Preparedness & Recovery

President Approves Disaster Declaration for Recent Flooding in Michigan

Communities are now eligible for the hazard mitigation assistance program that can help reduce or eliminate long-term risk to people and property from natural hazards.

by John Kennett Jkennett@mdn.Net, Midland Daily News, Mich. / August 3, 2017

(TNS) - Today, President Donald Trump approved a major disaster declaration for Midland, Bay, Gladwin and Isabella counties along with the Saginaw Chippewa Tribe within Isabella County after the area experienced severe flood damage from storms on June 22-23.

“The losses sustained by these communities have been severe due to the magnitude of the flash flooding,” Gov. Rick Snyder said. “This presidential declaration is an important step in our continuing efforts to provide assistance and help Michigan families and businesses recover from the effects of this disaster.”

The decision releases federal funds for state and local governments to use in disaster recovery efforts and to help reduce the risk of such an event in the future. In addition, the disaster declaration makes individual assistance available to the families still recovering from recent flooding.

U.S. Rep. John Moolenaar welcomed the president's decision.

"State and local governments in mid-Michigan have done an outstanding job in the aftermath of June's flooding, but the cost of cleanup and recovery was more than they could bear alone," Moolenaar said. "Today's decision to grant federal assistance from FEMA will go a long way toward helping communities and families rebuild."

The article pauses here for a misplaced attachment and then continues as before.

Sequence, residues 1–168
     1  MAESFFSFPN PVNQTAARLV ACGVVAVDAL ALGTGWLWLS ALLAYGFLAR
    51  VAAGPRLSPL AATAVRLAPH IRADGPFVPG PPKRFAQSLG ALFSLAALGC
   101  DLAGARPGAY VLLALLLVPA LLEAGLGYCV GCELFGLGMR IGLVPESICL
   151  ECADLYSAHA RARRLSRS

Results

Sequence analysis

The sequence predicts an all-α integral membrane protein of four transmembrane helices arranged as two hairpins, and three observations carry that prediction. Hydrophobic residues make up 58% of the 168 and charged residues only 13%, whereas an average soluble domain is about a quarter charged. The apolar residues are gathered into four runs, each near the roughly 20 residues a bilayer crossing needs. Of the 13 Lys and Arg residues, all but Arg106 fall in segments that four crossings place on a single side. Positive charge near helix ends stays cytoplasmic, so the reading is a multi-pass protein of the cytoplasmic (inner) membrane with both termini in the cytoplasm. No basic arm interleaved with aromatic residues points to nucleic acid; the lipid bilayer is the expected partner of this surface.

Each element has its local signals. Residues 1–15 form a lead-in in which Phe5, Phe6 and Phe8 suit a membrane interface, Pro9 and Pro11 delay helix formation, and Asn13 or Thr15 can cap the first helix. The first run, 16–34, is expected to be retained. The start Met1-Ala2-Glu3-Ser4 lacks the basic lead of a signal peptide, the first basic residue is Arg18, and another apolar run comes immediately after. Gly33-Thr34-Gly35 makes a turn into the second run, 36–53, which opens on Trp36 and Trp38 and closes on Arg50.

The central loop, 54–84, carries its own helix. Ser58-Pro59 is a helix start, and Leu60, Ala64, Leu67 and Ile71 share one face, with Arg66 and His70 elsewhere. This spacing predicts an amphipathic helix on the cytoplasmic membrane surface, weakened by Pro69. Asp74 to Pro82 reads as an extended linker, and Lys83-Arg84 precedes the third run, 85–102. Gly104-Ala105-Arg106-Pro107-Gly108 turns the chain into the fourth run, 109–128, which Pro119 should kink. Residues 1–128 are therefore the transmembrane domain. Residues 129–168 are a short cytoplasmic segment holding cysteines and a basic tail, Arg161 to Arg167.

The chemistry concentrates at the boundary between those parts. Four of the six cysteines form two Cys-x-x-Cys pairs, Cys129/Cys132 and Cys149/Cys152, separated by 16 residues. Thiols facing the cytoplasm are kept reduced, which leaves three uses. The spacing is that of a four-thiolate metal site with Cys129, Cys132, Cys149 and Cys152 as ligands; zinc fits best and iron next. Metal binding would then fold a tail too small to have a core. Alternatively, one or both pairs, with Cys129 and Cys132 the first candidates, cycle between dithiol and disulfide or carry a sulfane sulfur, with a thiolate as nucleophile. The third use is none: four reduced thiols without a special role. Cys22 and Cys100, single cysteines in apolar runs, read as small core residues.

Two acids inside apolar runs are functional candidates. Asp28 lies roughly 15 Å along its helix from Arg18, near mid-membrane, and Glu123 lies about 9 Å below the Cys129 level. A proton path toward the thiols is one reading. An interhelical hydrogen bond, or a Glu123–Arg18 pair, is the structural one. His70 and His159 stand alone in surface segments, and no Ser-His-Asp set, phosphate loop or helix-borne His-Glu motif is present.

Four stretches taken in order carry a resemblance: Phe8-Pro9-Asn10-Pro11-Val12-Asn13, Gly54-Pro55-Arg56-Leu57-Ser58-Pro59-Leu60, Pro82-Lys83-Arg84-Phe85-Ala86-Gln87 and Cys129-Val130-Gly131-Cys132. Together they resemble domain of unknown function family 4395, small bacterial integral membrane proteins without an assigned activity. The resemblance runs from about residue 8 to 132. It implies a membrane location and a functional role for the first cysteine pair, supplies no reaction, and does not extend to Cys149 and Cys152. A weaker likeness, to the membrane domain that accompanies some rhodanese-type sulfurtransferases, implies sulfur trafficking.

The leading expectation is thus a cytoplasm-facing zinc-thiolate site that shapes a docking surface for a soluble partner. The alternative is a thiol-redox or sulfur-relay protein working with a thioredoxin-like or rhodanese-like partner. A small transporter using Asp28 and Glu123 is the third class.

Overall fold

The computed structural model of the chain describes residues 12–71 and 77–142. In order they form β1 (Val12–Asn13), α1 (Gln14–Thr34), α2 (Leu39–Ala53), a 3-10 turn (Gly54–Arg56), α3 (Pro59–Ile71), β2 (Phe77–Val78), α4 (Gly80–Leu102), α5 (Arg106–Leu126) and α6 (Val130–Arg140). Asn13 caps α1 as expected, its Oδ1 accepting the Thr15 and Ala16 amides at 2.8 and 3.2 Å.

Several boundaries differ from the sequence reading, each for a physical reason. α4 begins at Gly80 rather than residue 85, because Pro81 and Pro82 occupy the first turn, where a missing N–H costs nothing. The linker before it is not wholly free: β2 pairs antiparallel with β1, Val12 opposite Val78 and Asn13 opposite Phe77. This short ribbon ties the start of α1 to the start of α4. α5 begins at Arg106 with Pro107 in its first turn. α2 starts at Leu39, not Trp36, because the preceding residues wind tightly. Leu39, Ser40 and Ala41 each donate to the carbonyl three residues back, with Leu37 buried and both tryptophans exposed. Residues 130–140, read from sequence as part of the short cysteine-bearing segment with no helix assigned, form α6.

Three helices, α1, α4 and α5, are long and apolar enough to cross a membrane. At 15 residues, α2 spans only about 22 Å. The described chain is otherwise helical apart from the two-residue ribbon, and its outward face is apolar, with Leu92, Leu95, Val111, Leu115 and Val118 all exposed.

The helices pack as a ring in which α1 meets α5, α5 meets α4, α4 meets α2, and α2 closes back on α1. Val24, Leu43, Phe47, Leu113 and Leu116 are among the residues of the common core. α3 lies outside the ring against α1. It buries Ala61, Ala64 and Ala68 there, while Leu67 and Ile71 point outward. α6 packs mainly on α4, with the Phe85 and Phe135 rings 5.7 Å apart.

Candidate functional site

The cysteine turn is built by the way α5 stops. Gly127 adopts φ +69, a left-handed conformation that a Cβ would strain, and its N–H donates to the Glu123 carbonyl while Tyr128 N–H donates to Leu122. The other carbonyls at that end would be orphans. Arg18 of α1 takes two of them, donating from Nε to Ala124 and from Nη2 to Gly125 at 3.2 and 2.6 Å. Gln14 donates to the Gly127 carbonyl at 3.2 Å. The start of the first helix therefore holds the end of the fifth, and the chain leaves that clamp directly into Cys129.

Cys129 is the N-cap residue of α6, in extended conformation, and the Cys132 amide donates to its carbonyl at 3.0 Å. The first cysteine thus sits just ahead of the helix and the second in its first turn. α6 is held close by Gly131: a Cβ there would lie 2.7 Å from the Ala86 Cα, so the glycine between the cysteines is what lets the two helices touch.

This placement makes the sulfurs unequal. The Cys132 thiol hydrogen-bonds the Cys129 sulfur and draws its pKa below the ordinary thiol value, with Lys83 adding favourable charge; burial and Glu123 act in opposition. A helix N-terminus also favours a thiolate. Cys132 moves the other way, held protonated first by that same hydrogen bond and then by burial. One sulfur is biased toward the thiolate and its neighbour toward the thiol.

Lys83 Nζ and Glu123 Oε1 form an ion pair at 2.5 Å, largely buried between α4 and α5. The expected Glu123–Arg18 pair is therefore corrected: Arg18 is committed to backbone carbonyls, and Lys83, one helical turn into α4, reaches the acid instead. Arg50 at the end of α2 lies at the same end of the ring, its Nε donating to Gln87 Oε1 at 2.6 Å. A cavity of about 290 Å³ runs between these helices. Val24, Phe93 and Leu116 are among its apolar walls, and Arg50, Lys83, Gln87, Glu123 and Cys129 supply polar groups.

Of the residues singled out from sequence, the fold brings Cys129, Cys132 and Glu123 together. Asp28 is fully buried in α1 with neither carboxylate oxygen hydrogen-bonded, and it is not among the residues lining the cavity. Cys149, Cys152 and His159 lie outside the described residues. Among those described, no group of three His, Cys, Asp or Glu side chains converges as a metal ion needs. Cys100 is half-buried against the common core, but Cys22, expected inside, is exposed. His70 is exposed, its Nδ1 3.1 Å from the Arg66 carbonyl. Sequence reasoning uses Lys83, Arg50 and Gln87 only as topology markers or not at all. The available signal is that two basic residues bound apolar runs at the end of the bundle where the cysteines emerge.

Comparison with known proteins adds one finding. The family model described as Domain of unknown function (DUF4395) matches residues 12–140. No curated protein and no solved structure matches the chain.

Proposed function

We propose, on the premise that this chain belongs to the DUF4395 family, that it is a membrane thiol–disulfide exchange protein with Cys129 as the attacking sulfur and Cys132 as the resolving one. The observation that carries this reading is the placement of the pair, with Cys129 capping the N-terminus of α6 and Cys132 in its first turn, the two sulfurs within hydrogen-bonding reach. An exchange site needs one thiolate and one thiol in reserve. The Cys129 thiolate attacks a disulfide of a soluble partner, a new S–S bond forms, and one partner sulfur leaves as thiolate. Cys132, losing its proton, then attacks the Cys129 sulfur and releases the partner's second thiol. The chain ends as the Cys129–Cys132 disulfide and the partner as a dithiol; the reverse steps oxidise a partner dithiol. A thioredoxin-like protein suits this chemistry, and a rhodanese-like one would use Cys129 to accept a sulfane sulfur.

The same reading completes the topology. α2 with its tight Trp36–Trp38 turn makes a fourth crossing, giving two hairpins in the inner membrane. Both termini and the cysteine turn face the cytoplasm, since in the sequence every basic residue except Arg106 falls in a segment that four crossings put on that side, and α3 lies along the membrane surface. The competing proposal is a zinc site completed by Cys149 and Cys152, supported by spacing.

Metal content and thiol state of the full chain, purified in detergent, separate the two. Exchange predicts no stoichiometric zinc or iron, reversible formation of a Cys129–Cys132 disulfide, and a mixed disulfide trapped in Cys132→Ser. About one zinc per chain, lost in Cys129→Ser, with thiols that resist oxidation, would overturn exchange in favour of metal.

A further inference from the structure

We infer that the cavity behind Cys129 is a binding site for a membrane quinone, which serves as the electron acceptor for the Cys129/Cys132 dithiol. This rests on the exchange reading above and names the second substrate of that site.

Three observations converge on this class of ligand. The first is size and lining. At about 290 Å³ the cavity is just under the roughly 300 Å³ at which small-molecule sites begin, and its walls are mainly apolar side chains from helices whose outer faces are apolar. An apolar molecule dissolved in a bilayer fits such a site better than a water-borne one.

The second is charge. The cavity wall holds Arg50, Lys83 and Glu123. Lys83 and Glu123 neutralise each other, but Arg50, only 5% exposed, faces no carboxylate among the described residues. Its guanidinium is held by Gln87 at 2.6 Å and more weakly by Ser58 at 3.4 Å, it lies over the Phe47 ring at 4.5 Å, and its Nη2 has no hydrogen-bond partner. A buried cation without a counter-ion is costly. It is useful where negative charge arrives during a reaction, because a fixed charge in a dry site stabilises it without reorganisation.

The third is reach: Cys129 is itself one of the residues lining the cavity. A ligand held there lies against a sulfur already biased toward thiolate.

Individuals seeking assistance in the formal disaster area can register with FEMA by visiting or calling 1-800-621-3362. Those who have a speech disability or hearing loss and use TTY, should call 1-800-462-7585 directly; for those who use 711 or Video Relay Service, call 1-800-621-3362.

With this declaration, communities statewide are now eligible to participate in the hazard mitigation assistance program that can help reduce or eliminate long-term risk to people and property from natural hazards. Mitigation measures reduce personal loss, save lives and lessen the cost of responding to and recovering from future disasters.

“I strongly encourage communities to seize the opportunity for hazard mitigation assistance to enhance the safety of Michigan’s residents,” said Capt. Chris A. Kelenske, commander of the Michigan State Police, Emergency Management and Homeland Security Division. “With federal aid, our communities can initiate projects to save lives and protect public property and health.”

In addition to the presidential declaration for individual assistance and hazard mitigation assistance, the U.S. Small Business Administration has made low-interest disaster loans available to residents and businesses in Bay, Gladwin, Isabella and Midland counties. Additional information about the SBA disaster assistance program is available at

The presidential declaration does not include assistance for costs incurred by state and local governments due to damage to public facilities and infrastructures because those costs did not meet the federal threshold for assistance. However, Snyder has opened the state’s Disaster and Emergency Contingency Fund, which allows eligible local governments affected by the flooding to apply for assistance grants for up to $100,000 or 10 percent of the previous year’s operating budget, whichever is less.


©2017 the Midland Daily News (Midland, Mich.)

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